Singer/songwriter Bev Grant has been an active presence in the protest
and folk scene since the 1960s. She was one of the radical upstarts in
Greenwich Village coffee- houses when the Village still felt bohemian and
affording rent was actually a possibility.
Grant led her band, The Human Condition, to national prominence in the
early 1970s, after sharing the stage with such luminaries as Phil Ochs,
Pete Seeger, and others. The Human Condition was a protest band in the
truest sense, albeit approaching the music in a unique manner. Strains
of rock, Latin music, R&B, pop, fused with the essence of smoky folk clubs.
Adding to her topical singer’s pedigree, Grant was on the bill of Ochs’s
1973 festival, “An Evening With Salvador Allende” at NYC’s Madison Square
Garden, a benefit for refugees fleeing Chile after the U.S.-orchestrated
After recording a couple of major-label LPs (available through Grant’s
website), the band split. Grant next performed both solo and in duet with
guitarist/singer Bruce Markow and in a series of other groups. She developed
a special fondness for the company of other female voices. As Grant explained,
she began performing in a sister act as a child, so harmonizing with other
women came naturally. After working with a women’s chorus in New Jersey,
Grant created the Brooklyn Women’s Chorus and eventually her feminist politics
came together with her next group, Bev Grant and the Dissident Daughters.
This latest aggregation’s core sound doesn’t resemble the rock/folk of
The Human Condition or the singer-songwriter genre one expects from a culture
warrior brandishing an acoustic guitar. Instead Grant’s Dissident Daughters
offers three-part soprano and alto harmonies bellowing out like the Andrew
Sisters gone radical. One can hear a century’s worth of music in the confines
of this CD. This ensemble swings, rocks, jumps, soothes, and kicks ass.
Grant’s original line-up included Lynn Stabile and Valerie Andrew- levich,
two strong vocalists who recorded the current disc with her. After about
a year of performing together, the Daughters moved onto other projects,
so two more, Angela Lockhart and Carolynn Murphy, have taken on the powerful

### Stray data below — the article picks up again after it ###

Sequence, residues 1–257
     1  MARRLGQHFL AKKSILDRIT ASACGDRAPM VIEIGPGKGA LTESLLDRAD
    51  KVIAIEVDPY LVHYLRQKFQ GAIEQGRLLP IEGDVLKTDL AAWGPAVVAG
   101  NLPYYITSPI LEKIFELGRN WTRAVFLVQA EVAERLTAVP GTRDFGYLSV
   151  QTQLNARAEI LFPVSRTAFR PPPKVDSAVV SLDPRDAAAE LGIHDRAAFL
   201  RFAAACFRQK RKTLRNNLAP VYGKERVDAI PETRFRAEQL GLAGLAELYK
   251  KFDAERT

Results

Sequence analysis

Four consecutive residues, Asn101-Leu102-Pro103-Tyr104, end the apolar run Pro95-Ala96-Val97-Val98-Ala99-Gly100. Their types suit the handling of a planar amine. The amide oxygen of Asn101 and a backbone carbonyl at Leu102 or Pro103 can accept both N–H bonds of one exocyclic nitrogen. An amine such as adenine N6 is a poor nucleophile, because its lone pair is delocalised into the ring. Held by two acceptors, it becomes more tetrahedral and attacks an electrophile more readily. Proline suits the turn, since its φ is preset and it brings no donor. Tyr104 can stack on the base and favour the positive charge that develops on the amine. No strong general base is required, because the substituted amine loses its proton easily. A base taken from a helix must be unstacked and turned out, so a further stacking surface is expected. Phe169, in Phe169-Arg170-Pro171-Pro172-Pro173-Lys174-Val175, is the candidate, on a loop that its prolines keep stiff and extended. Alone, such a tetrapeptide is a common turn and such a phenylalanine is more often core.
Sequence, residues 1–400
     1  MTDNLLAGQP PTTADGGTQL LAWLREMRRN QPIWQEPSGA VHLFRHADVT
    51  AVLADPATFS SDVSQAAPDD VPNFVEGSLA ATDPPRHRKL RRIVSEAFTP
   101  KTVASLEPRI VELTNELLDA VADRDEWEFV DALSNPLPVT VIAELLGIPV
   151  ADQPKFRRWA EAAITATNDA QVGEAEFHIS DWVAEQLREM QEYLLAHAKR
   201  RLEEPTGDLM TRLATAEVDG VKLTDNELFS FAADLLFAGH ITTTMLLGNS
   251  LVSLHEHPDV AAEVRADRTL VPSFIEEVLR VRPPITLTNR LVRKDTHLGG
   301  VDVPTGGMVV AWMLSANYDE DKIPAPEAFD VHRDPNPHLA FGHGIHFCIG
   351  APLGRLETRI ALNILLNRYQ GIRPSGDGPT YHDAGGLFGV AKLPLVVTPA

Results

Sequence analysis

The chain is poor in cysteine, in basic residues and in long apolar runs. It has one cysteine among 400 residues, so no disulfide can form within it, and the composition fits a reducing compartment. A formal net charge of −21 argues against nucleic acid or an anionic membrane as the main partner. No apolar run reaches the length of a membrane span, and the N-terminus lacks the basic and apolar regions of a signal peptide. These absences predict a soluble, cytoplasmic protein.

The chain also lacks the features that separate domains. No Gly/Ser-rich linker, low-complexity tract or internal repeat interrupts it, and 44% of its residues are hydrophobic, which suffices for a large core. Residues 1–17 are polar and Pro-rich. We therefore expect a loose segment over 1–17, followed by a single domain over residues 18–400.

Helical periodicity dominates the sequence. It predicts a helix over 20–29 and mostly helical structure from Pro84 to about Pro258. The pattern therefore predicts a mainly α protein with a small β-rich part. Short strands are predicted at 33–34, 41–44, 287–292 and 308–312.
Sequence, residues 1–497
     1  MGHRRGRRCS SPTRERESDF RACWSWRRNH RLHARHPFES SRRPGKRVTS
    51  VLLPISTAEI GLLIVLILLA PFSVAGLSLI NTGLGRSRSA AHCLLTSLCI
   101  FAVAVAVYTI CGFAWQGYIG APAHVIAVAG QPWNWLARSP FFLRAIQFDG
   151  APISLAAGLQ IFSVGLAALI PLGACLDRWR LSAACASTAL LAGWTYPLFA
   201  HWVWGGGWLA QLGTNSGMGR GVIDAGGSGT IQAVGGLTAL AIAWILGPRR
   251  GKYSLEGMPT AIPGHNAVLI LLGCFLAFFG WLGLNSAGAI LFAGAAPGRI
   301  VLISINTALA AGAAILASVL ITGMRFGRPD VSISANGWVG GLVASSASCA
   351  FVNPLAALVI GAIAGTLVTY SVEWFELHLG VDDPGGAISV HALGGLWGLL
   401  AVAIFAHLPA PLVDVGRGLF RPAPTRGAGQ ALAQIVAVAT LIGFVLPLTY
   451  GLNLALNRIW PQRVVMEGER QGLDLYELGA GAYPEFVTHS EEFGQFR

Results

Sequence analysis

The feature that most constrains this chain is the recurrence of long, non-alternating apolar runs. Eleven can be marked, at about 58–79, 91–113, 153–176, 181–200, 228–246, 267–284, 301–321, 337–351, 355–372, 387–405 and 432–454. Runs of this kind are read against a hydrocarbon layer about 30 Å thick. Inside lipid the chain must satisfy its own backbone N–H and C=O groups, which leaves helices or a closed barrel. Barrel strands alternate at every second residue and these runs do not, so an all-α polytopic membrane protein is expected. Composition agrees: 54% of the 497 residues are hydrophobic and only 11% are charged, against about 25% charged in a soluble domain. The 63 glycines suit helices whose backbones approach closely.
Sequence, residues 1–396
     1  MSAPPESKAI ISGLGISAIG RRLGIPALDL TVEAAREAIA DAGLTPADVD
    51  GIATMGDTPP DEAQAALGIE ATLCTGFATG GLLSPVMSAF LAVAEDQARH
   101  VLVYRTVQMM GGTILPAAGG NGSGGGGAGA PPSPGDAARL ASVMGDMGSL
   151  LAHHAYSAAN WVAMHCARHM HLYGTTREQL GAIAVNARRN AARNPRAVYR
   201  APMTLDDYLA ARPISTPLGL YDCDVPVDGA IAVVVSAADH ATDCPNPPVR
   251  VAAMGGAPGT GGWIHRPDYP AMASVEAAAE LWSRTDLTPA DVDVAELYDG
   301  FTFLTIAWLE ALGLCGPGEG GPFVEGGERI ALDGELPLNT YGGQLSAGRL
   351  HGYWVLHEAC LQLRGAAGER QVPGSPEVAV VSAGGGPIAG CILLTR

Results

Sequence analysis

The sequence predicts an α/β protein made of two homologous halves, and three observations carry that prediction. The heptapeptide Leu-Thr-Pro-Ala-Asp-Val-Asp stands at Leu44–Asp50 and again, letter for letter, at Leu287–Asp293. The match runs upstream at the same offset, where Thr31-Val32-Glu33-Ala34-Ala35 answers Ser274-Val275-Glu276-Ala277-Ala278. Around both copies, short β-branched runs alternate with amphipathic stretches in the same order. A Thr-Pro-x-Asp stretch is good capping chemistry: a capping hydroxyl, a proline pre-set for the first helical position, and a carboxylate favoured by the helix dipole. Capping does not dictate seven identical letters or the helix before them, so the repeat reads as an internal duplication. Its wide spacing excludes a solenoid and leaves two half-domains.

roles. You can hear it all when they perform live, but their CD Cheeky
Woman offers a brilliant document of this powerful trio.
The CD opens with the Grant- penned number “Mama’s Leaving Home,” a beautiful
account of the dilemma of the middle-aged wife/ mother who comes to learn
that she has never really known herself. It’s presented as up-tempo swing
that belies the emptiness of the title. The album is filled with gems like
this, as well as Jolie Rickman’s “Emma Goldman,” Stephan Foster’s “Hard
Times Come No More” (with a warm lead vocal by Stabile), and the immigrant-centered
“In America,” written by Grant and Markow. This CD can appeal to many ages
and cultures as it all sounds familiar while being edgy at the same time.
Its pronounced feminist thread is pleasingly in your face.
Some of the other cuts include “Where Women Rule,” the story of an African
village led by a matriarchy, and “Tired of the Bastards,” which stylistically
has much in common with the Almanac Singers, save for the contemporary
lyrical frankness (“I’m tired of the bastards fucking over me”). Humor
notwithstanding, the album’s closer, “America’s Dirty Little Secret,” offers
both melodic beauty and devastatingly harsh lyrics about a struggling single
mother. Not that Cheeky Woman pulls any punches, but this song speaks volumes
about the sexism, racism, and classism of the Bush years. It’s a vital
piece of music for young women to hear. But then, so is the whole album.
It’s one to go out and buy for your teenagers as well as for the rest of
John Pietaro is a musician, writer, and labor organizer from New York.